RALEIGH, N.C. (AP) _ Legislators on Tuesday increased the push to change education laws with proposals giving learning growth more credit when rating public schools on an A-through-F scale and adding conservative values to a required American history course.

The state House approved a change that would shift how future A-to-F scores for public schools are calculated. The change would put equal weight on what students have learned and how much they’ve learned during an academic year. Student proficiency now determines 80 percent of the grade schools are given.

Legislators are reacting to complaints after school grades were released for the first time in February that showed a strong correlation to the economic conditions of the children they teach. All the schools landing Fs and nearly all those drawing Ds had a majority of students receiving free or discounted lunch. Almost 90 percent of the schools collecting As had less than half of their students in poverty.

Rep. Larry Pittman, R-Cabarrus, said a high-poverty school in his district received a D grade but because the learning growth of the students was so high the principal is among those considered some of the state’s best.

“That just doesn’t make sense and this to me looks like it’d be a lot more fair,” he said.

A Senate committee recommended adding five principles that must be taught during a required American history course. The topics covered in the course were recommended by the American Legislative Exchange Council, a conservative group backed by major corporations.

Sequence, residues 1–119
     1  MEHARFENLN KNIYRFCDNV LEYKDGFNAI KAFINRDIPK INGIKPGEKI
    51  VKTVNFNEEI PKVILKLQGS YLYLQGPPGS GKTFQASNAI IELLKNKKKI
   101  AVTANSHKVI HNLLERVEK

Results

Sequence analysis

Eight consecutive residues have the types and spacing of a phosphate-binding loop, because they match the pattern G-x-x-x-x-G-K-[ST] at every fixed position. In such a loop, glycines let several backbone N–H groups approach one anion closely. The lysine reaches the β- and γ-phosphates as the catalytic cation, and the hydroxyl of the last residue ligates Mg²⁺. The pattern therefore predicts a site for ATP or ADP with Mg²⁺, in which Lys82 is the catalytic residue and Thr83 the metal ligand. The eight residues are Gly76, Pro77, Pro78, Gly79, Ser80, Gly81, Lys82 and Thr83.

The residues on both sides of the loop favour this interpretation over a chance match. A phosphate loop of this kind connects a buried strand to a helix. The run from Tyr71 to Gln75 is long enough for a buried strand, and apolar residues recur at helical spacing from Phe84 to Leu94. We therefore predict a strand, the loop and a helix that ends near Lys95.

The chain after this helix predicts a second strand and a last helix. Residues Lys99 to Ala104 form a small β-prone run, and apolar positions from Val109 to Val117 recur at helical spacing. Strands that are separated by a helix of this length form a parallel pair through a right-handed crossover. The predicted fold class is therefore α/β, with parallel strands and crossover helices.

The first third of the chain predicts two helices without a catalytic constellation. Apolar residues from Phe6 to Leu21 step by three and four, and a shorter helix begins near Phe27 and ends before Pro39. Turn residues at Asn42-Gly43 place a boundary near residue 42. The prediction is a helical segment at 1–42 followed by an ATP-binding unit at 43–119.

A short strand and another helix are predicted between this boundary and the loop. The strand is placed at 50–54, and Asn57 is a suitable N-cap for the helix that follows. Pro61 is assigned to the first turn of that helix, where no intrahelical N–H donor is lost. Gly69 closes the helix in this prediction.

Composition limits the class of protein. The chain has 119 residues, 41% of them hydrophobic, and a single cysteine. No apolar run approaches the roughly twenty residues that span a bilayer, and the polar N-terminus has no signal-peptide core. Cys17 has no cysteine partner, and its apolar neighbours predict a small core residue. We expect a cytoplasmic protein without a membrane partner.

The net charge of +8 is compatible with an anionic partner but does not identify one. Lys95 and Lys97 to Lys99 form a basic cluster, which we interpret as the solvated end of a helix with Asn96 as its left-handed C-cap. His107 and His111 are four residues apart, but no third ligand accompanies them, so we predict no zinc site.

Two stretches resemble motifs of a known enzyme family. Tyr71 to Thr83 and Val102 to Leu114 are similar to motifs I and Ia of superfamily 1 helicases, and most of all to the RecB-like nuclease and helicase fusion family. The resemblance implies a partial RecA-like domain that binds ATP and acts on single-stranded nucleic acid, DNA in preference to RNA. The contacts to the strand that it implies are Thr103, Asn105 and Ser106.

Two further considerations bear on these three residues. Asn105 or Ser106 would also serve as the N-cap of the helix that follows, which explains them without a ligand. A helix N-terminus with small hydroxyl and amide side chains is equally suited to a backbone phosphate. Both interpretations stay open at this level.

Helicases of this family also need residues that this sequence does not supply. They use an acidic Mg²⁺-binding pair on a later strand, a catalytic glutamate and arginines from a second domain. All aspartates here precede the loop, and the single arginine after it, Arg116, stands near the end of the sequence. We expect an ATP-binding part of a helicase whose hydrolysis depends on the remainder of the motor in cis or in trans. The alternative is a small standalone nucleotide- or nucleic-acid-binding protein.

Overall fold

If the measure becomes law, teachers would be required to include instruction about a strong military defense, the “constitutional limitations on government power to tax and spend,” and the value of promptly paying down public debt.

The measure also wants teachers to discuss “money with intrinsic value.” The term refers to the concept of backing money with gold or other metals.

Since 1971, when the United States ceased to allow the conversion of the dollar into gold, most modern currencies have lacked the intrinsic value of precious metals and rely on the faith that governments will back them. Money linked to physical reserves is more restrictive but could hold value better in times of high inflation.

The House also approved a measure that would expand the ways a third-grader could show he or she is reading proficient before being promoted. Lawmakers last year allowed parents to decide whether their child would attend a summer reading camp to improve their skills. This year’s proposal would require parents who don’t attend intensive reading help to describe what’s being done to help them improve.

The House also approved requiring that teachers be allowed a lunch break without other school duties.